Tracy Letts, Jason Segel, And DeVaughn Nixon Talk About The Latest Episode Of Winning Time [Interview]

"Who The F*** is Jack McKinney?" is the latest and aptly titled episode of "Winning Time: The Rise of the Lakers Dynasty." Lakers owner Dr. Jerry Buss (John C. Reilly) begins training camp with his team of star players. They initially resist the innovative methods of the new head coach, Jack McKinney, played by actor and playwright Tracy Letts. He wants the team to move faster and not waste a second of floor time. 

McKinney is often cited as the mind behind a fast-paced, game-changing style of play known as "Showtime," which helped the Lakers dominate for years. The Portland Trailblazers' assistant coach comes to Los Angeles to coach his way, but in the episode, he confesses he worries others won't see his vision. McKinney, along with his own assistant coach, Paul Westhead (Jason Segel), are the new guys on the block in "Who The F*** is Jack McKinney?", and they leave some of the players, such as Norm Nixon (DeVaughn Nixon), questioning their place on the team.

Recently, we talked to Letts, Segel, and Nixon about one of the first season's standout episodes.

'You got to impress these guys sitting in the stands right here'

This episode really shows the mental and physical toll of the game. DeVaughn, during the training camp episode, what was important for you to communicate?

Nixon: Everybody is vying for a spot. Dog eat dog, survival of the fittest. So, it's intense. I think the guys got intense and it was fun because I think that was one of the first scenes where all of us were together. So there was a lot of pressure looking at people I revere as great actors and idols of mine and I felt the pressure, because there was a sequence where I had to hit three for the whole thing to start. So, I was like, "All right, DeVaughn, all right, you gotta do it for your pops. You gotta do it for the culture. You got to impress these guys sitting in the stands right here."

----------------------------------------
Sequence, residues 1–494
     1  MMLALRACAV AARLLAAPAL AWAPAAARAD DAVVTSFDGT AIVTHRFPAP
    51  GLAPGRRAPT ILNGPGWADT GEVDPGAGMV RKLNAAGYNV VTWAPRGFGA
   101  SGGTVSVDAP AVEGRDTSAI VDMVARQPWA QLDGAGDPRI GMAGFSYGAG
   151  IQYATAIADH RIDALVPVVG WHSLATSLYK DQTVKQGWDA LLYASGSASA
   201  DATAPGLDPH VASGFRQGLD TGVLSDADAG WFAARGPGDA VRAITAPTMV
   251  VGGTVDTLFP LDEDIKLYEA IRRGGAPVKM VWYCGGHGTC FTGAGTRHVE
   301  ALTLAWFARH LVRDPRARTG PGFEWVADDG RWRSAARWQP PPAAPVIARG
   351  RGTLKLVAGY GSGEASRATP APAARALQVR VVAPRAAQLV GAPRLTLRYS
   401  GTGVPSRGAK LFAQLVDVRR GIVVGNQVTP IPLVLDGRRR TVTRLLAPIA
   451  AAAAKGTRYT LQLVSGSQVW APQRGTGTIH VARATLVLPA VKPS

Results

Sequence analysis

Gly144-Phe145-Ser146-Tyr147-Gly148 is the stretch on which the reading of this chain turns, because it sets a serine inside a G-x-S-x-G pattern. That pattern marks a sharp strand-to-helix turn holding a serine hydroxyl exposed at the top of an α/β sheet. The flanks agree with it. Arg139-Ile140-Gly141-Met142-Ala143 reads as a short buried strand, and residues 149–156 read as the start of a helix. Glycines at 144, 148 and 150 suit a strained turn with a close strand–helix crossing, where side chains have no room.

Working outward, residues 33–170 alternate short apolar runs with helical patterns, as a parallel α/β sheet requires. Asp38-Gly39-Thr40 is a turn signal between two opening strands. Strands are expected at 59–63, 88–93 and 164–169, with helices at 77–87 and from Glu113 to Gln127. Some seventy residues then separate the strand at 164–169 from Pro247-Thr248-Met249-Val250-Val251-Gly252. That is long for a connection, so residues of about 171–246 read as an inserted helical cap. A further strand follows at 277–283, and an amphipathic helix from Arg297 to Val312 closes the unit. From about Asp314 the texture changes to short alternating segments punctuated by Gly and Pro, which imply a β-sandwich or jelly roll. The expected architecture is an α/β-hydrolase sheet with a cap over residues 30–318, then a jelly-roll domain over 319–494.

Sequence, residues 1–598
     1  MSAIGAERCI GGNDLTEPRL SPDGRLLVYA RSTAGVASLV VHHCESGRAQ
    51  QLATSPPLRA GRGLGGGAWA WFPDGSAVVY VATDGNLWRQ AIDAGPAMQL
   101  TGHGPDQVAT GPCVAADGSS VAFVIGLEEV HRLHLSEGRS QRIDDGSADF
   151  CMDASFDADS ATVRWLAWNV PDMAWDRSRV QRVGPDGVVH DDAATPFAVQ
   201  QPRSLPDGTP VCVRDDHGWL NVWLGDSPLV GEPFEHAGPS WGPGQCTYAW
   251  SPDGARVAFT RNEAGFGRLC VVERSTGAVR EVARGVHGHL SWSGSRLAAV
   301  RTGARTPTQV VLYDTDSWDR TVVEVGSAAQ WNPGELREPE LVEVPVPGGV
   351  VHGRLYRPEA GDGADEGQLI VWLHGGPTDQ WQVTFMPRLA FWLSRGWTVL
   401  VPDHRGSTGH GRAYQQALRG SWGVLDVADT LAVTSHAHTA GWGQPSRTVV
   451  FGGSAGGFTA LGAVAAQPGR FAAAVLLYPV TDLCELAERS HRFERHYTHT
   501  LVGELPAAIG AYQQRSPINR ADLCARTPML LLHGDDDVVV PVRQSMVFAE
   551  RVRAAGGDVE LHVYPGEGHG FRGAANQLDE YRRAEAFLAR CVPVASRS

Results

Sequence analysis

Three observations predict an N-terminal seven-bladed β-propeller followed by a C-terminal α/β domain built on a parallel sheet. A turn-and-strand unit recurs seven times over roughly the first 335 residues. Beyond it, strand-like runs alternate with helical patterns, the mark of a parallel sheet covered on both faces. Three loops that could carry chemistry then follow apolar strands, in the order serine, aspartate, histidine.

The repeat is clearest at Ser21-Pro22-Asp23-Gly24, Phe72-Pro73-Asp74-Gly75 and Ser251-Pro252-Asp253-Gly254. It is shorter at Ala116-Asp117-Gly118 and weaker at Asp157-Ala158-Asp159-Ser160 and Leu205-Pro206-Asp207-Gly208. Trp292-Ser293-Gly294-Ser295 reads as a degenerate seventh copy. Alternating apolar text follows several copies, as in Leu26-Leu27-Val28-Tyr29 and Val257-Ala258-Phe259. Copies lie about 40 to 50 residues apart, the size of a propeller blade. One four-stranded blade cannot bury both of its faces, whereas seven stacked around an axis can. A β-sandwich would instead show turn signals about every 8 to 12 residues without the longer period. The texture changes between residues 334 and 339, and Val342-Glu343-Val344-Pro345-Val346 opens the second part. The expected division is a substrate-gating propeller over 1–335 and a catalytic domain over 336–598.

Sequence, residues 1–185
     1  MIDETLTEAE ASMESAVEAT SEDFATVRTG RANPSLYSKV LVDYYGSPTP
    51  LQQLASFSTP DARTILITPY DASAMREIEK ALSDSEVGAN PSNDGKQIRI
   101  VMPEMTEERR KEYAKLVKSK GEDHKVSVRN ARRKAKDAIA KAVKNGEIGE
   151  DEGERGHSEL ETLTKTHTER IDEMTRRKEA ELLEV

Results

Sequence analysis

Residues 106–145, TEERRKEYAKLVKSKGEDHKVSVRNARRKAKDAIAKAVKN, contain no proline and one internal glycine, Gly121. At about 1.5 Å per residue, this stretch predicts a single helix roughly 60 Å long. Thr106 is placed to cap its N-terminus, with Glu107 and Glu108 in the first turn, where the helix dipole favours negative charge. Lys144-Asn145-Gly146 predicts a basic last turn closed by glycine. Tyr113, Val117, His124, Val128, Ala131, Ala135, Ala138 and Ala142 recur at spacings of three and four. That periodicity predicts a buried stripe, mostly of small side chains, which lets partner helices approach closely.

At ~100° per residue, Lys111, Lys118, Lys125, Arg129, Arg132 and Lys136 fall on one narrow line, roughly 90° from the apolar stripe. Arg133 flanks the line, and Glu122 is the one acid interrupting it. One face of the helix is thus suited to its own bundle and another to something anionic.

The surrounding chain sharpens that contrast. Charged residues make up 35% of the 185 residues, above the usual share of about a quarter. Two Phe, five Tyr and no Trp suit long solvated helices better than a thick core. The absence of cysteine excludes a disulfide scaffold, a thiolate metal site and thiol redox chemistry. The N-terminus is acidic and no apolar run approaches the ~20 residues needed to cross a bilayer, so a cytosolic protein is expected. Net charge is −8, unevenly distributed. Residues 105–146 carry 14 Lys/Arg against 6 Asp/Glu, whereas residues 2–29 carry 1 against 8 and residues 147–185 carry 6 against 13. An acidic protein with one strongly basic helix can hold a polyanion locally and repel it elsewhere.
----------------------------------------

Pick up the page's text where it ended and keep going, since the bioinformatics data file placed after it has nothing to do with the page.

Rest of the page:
So that was a little nerve wracking for me, but when I used to play basketball, I would always have to get my first shot out and it would usually be an airball because I would just get all of the butterflies in my stomach. I'd be so nervous. And once I took that first shot, then I was like, "All right, cool. I missed it. All right, cool. Let's go." So that's how it was for me. And it was intense and it got intense. We had to do it a lot. So it was tough on us physically, mentally, and we had to act in between that as well. So yeah, it was challenging, but it was fun nonetheless.

You see that Paul Westhead speaks through the arts, while Jack McKinney is more mathematical. Jason and Tracy, how'd you two find the common ground they have?

Letts: The training camp sequence is the first time I met Jason and got a chance to work with him, and it's not like you have weeks of rehearsal or anything. You're just thrown out in front of the camera and find a relationship, but I think Jason, we seemed to settle into a dynamic between the two of us. I mean, because it was on the page first and foremost, but we seemed to settle into a dynamic between the two of us that was very appropriate to the individual guys' personalities. Coaches who are finding their way. Jason and I both found our way in that milieu with the Lakers. Jason pointed out earlier, we were suddenly surrounded by so many men and all this male energy, competitive energy. It was something to try to feel our way into. Feel the chemistry of the thing, which I think we did. I hope we did. It was a fun sequence.